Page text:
DEBORAH CROMBIE – A Share in Death. Duncan Kincaid #1. Charles Scribner’s Sons, hardcover, 1993. Berkley, paperback, 1994. Avon, paperback, 2003.

   This is a first novel set in England, by an ex-resident of Scotland now living in Texas; an intriguing mix. Newly promoted Detective Superintendent Duncan Kincaid of Scotland Yard is on a well-earned vacation at a cousin’s timeshare in the north of England.

   As oft seems to happen to vacationing cops, he has scarcely unpacked his bags when murder is committed — the assistant manager is electrocuted in the spa. The overbearing local head cop wants to call it suicide (for no good reason that I could see) but Duncan knows better. Sure enough it wasn’t, and sure enough there’s another murder, and sure enough Duncan lands right in the middle of it — which the local hates.

   This is a good, solid British village mystery. It breaks no new ground, but is well written, and for a first novel, exceptionally so. Kincaid is an engaging protagonist, and his Sergeant, Gemma James, shows promise as well. I found all of the characters believable for the most part, and sharply delineated.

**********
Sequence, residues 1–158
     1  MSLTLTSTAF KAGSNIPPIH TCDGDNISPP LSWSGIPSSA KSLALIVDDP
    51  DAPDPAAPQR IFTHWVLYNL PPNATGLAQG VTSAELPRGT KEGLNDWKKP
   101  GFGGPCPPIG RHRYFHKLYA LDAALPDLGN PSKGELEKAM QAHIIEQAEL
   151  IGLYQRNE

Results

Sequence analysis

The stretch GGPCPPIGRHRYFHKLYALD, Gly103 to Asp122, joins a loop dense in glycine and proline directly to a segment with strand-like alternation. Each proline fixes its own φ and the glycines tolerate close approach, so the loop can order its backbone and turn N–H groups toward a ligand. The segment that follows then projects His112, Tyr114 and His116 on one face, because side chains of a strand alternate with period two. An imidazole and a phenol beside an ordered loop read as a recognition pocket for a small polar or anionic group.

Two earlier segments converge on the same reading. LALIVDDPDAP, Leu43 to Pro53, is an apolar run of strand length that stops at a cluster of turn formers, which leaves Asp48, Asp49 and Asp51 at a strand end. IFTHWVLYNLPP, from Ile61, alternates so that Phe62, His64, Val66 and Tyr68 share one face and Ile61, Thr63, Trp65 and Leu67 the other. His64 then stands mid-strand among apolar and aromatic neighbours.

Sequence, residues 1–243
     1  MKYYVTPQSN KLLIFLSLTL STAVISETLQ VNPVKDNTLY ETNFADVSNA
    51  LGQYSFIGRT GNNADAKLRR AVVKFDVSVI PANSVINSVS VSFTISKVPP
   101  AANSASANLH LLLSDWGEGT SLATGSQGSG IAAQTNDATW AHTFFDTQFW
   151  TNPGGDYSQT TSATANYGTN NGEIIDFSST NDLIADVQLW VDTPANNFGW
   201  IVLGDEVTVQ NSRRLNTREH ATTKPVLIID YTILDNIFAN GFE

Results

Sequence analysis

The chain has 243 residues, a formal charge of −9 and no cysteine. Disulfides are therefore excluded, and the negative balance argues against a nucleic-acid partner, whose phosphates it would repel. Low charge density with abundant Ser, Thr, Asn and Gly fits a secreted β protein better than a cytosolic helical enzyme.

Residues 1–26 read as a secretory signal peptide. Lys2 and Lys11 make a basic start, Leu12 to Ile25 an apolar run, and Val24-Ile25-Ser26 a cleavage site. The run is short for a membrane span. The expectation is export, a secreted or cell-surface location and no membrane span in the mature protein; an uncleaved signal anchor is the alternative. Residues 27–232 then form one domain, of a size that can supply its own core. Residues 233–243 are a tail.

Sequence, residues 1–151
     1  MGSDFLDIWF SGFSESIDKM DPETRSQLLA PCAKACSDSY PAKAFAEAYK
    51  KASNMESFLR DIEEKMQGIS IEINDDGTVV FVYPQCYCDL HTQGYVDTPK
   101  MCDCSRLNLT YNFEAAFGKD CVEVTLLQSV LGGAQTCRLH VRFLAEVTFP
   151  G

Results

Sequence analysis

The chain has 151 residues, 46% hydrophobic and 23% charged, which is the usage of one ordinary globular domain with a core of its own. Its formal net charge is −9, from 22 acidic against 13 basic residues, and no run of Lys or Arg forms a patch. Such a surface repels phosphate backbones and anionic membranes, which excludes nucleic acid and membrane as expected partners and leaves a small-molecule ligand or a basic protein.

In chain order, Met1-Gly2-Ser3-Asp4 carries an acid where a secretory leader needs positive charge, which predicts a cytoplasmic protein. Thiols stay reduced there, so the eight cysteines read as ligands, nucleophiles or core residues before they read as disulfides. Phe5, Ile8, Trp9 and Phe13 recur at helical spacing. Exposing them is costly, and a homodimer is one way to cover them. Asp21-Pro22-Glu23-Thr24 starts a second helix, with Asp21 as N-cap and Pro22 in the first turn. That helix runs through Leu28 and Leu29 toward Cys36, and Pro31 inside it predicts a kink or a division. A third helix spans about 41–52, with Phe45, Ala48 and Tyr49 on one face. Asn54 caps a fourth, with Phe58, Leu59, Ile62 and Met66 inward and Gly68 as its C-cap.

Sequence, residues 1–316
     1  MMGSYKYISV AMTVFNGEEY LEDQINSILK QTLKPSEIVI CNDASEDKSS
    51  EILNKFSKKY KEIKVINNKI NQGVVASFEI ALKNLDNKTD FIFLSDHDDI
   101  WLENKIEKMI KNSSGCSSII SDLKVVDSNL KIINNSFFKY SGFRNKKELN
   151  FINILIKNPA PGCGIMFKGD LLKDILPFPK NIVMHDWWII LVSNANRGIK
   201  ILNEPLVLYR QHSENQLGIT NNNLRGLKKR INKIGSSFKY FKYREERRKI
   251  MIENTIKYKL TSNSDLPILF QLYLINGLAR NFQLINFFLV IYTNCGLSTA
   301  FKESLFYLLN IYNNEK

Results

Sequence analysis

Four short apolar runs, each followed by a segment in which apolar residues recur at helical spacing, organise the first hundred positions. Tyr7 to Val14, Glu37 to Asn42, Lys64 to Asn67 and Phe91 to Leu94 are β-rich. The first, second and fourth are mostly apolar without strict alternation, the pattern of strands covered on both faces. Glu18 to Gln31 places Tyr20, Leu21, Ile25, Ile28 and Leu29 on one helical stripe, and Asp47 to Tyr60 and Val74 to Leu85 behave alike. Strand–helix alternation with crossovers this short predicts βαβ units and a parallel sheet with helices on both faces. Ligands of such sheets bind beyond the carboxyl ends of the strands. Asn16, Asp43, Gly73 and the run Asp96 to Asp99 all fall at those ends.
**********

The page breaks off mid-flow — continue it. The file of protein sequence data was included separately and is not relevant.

Crombie had Kincaid semi-yearning after every good-looking woman in the story, which I thought was a bit of an unnecessary tease, but that was my only kvetch. The plot was probably the weakest link in the chain, but even that was no worse than average. All told, I read few first novels that show this much promise.

— Reprinted from Ah Sweet Mysteries #6, March 1993.

Bibliographic Notes:   Barry’s judgment was very much correct. A Share in Death was given Agatha and Macavity nominations for Best First Novel of 1993. With publication of The Garden of Lamentations next year, there will be 17 books in the Duncan Kincaid / Gemma James series.